Understanding the Root Canal Treatment Process
If you have an upcoming dentist appointment for a root canal treatment, you might be having some apprehension about the process. There are often stories of people dreading root canal treatments. However, most of the fear emanates from a lack of knowledge. If you know what goes into the treatment, you will be half-prepared for the process. After you are through with it, you will note that there is much ado about nothing.
The dentists or an assistant starts by applying local anesthesia to the problematic tooth and the surrounding areas. This is done using injections. Sometimes, if the tooth has a massive inflammation, it may take some time before the numbness occurs. However, the procedure will not start till the numbness is achieved.
This is a thin sheet made of either rubber or vinyl that is used to isolate the problematic tooth from the rest. It helps provide a sterile environment since it prevents saliva and the bacteria it carries from reaching the work area.
The treatment process starts by drilling a small hole on the top biting part of the tooth to provide access to the root canal. The dentist uses special equipment to remove the infected tissue and to clean the pulp chamber. Since you are under anesthesia, this is not a painful process. In addition, the tissue being removed is often dead. Once all the dead tissue is removed, the dentist uses a disinfectant and antibacterial solution to clean the canals.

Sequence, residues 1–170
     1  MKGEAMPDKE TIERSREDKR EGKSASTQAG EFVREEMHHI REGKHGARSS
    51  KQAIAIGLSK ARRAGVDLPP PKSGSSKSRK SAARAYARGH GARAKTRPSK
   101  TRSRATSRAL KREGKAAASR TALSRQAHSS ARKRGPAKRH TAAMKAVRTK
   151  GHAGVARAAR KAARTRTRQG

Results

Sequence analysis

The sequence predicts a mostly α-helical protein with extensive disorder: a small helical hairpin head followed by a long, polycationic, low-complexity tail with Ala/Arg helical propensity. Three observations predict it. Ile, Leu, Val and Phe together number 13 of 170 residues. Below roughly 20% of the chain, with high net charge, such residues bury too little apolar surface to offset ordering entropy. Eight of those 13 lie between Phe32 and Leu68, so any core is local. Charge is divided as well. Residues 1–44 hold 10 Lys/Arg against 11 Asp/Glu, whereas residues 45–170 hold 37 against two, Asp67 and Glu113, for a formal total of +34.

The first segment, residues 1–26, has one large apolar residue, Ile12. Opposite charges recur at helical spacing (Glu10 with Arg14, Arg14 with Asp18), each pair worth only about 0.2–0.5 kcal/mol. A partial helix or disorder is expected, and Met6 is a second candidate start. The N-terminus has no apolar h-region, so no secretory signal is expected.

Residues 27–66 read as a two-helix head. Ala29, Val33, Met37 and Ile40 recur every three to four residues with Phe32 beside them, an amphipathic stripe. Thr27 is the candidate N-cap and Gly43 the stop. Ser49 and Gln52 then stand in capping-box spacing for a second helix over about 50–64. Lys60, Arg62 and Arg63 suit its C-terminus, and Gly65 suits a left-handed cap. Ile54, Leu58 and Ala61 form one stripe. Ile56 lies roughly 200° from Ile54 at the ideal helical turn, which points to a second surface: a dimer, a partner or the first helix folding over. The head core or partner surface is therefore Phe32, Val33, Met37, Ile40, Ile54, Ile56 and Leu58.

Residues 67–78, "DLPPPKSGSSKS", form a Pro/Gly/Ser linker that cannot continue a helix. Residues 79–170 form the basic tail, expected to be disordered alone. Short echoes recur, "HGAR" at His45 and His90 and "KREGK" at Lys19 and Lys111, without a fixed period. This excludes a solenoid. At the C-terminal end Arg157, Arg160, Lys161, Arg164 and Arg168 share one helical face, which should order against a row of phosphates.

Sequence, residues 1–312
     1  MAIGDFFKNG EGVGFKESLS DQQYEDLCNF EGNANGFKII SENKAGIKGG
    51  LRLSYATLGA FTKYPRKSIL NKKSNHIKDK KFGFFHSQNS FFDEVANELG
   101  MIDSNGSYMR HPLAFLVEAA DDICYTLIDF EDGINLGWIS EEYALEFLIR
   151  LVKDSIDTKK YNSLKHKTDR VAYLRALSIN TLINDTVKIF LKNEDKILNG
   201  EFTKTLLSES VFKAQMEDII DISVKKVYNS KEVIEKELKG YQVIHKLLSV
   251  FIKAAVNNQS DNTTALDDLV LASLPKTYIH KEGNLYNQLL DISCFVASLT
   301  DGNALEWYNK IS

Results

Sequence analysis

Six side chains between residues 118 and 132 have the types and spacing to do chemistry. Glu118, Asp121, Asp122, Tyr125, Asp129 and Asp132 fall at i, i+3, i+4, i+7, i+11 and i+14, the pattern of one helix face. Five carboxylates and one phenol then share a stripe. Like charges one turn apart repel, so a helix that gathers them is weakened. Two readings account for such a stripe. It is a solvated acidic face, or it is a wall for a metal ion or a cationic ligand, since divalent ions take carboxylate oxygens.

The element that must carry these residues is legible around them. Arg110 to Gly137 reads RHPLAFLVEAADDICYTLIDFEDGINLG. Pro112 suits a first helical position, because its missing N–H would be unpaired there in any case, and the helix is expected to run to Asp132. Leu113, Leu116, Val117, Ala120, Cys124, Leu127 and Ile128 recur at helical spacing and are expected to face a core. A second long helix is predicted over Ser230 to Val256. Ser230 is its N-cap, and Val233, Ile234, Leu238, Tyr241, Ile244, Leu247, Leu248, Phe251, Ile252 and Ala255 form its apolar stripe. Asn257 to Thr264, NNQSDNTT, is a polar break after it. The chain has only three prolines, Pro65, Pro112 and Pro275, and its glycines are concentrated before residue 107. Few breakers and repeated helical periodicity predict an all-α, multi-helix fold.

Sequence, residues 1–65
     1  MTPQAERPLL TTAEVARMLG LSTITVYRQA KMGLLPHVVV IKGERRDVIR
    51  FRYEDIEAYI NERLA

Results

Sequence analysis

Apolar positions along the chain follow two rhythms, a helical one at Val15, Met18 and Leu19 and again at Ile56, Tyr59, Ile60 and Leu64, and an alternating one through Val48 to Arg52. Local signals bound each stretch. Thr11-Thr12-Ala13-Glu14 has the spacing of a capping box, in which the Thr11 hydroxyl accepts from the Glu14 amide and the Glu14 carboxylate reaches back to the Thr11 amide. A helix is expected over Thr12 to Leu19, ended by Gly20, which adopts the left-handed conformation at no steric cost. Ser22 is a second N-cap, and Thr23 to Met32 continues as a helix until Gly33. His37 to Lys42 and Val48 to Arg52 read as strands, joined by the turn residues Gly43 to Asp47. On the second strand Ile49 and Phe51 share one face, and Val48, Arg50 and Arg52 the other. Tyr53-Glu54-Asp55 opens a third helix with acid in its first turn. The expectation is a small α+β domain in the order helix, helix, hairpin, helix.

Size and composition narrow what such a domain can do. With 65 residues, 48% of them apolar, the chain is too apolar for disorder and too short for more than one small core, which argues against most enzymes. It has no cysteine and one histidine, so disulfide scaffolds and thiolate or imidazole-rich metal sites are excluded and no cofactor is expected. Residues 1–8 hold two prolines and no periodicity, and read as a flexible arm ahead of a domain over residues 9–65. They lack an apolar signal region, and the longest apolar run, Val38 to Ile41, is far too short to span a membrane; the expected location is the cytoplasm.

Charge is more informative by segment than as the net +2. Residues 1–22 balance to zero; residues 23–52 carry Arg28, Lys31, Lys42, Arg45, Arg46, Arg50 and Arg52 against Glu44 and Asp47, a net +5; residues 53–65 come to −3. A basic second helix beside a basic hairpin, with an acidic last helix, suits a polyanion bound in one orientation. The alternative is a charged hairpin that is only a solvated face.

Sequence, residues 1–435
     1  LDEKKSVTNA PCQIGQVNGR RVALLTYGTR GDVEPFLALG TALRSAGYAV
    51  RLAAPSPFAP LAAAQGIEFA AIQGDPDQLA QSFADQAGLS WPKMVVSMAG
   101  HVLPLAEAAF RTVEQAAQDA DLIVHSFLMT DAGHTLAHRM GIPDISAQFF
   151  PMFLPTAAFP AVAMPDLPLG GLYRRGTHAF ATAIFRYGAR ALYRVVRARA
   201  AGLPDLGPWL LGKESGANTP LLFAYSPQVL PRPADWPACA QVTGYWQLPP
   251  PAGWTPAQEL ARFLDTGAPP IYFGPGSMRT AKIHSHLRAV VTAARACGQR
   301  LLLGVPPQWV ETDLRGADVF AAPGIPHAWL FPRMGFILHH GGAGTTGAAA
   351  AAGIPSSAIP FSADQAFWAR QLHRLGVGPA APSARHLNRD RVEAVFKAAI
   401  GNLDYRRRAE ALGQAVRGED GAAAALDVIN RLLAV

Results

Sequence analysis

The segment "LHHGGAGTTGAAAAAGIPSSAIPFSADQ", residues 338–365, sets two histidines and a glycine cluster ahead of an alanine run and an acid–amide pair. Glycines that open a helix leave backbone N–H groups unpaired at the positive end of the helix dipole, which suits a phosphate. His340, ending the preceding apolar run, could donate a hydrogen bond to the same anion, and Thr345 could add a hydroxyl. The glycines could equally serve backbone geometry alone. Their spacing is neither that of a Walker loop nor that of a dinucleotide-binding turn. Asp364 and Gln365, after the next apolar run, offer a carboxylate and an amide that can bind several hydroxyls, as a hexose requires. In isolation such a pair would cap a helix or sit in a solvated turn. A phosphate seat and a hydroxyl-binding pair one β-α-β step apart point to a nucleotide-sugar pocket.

Special instruments are used to shape the canals so that they can receive the new fillings and sealants. A material made of thermoplastic material is used to fill the canal space and a sealer acts as an adhesive to keep it in place. This is a crucial step since improper sealing can result in the tooth becoming infected. This would necessitate a retreatment. The dentist will then place a filling over the tooth. This could be permanent or temporary depending on the decision made by the dentist. If the filling is not firmly in place, the dentist may choose to add a post in one of the canals to offer additional support. The dental dam can now be removed.
Once the process is finished, an antibiotic is prescribed to help prevent infection. The after-effects of the procedure only last for a few days and any discomfort can be managed by over the counter medication. Therefore, you should not be afraid of making an appointment for a root canal.